I was fifteen years old or so when my father brought a set of VHS cassettes home to watch. For the present day audience a VHS – short for Video Home System, was a tape format akin to what optical DVD’s are now and the dominant form of home entertainment at a time when television programs were scarce and broadcast networks like Discovery, National Geographic, etc. non-existent in India. The cover of the VHS set had the image of a Killer Whale breaching near the shore with a dozen nervous seals in the foreground – a striking image. This was the ‘Trials of Life’ – a twelve-part BBC Natural History series about animal behaviour written and presented by ‘David Attenborough’. I remember watching the series over and over again glued to the fascinating world of animals and to the simple yet riveting presentation of natural history by a tall white man with large teeth and a lovely British accent.
Fast-forward to 1999 – Jackson Hole Wildlife Film Festival. I was just beginning to take my first steps into documentary filmmaking. I attended the Festival and to my surprise present in the gathering was Sir David Attenborough. He had just completed another of the ‘Life’ series titled, ‘The Life of Birds’. At that time I earned part of my living leading bird tours in the neo-tropics and the Life of Birds was a bible. I remember meeting Sir David in the central lobby of the Grand Teton Lodge. It was an evening of wine and cheese and at the first opportunity we met, spoke and he jovially signed my shirt. The next day we met again and this time I got my book The Life of Birds autographed.
In all this my far-fetched dream was always to have something that I shot narrated by his voice. That dream came very close (2007) when the purple frog – Nasikabatrachus sahyadrensis was to be included in the BBC Series Life in Cold Blood. But due to many broadcast and production reasons it did not happen and the sequence was retained for Mountains of the Monsoon. Although the purple frog sequence would’ve been a very small part of a big series, to me, that itself would’ve been a dream fulfilled. Sir David was 81 years old and I figured that after this big series he would hang up his hat and retire and I lost all hope of having anything associated with the voice of a legend.
This image was shot by late Barry Paine – another great voice and mentor whose warm conversations and company I’ll miss at Festivals he so devoutedly attended.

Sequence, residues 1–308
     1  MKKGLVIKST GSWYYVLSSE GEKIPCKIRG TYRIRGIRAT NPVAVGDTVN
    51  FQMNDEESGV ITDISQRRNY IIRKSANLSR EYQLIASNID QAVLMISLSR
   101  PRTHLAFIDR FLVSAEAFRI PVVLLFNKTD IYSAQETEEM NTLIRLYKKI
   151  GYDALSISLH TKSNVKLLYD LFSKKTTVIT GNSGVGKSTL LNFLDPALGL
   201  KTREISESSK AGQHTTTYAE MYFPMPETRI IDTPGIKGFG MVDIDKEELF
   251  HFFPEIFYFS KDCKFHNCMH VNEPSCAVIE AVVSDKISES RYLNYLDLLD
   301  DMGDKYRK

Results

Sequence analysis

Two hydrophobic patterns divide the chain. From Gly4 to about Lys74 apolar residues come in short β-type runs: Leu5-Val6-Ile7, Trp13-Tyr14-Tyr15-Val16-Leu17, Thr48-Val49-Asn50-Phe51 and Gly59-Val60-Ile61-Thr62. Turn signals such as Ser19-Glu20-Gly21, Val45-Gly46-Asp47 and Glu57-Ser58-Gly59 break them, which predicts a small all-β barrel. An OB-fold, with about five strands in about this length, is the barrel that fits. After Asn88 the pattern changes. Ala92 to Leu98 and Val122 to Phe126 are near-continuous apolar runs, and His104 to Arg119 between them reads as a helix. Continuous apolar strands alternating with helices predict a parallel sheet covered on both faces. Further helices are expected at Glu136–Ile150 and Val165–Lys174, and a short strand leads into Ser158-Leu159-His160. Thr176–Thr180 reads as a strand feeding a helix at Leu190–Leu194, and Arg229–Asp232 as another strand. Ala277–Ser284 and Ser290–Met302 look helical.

In 2008 I met Sir David at Wildscreen. I was helping Tom Veltre, head of The Really Interesting Picture Company (holds the record for the production company with the longest name I think) with his film about George Schaller titled, ‘Nature’s Greatest Defender’. In it was a key interview with Attenborough and this was the first time wherein I interacted with him at a personal level. I presented him with a copy of my book – Sahyadris: India’s Western Ghats. As he flipped through the book, he paused on the page of the Fairy Bluebird and exclaimed, “ Ahh, Irena puella, one of my favourite birds…” and then continued looking through the book. His knowledge even of a place that he had hardly, if ever, traveled to was nothing short of remarkable!
2011 – The Whitley Awards were announced and Ramana Athreya – an astrophysicist was to receive an award for his work in Arunachal Pradesh. The organizers contacted me for footage from this remote region and when the short video was completed I was pleasantly surprised to see that it was used along-with Attenborough’s narration. There was a great sense of joy and satisfaction watching Arunachal Pradesh being introduced in a manner only he can and that is best described by actually watching the video.
Last year between January and June I worked along with Chinmay Rane on two film projects for National Geographic. One about Clouded Leopards for Cicada/NG and another titled, ‘Secrets of Wild India’ for Icon Films and National Geographic. This was to be a coffee-table book type documentary series about India’s natural history. My focus was on the first of the 3-part series covering the northeast Indian landscape along the foothills of the Himalaya and the Brahmaputra River. Kaziranga – a place I now call home was base camp and the wild inhabitants of the floodplain – rhinoceros, buffalo and elephant took center-stage in the film. While filming certain key sequences we often read out lines from the script, usually in a very Attenboroughesque manner, “In a remote clearing, a 30-year-old female Indian Elephant, heavy with milk, guards her newborn calf.Only hours old, she was born under the cover of darkness in the shelter of the forest. The other females of the herd gather to witness her first tentative steps…” Months later when I heard that, Sir David Attenborough, the voice behind the epics we so love, was to do the narration for ‘Secrets of Wild India’ I was silently overjoyed. Finally a dream realized…
Home to over a billion people, India is best known as a diverse mass of noise, crowds, colour and religious devotion. And she also has a wild side, populated by giants, predators and exotic creatures.
Narrated by the legendary Sir David Attenborough Wild India airs Mondays at 8pm to give you a fascinating insight into this world-within-a-world, as each show explores the country’s extraordinary landscapes and their inhabitants.
As for now the tentative Air dates and schedule is detailed below. Please check in to your local NG Wild TV schedule for more accurate timings.
It airs today in the UK and in Latin America – 6th Feb 8PM. I do hope you enjoy watching the show as much as we’ve enjoyed capturing it. Look forward to hearing your comments and please share this with your friends and family.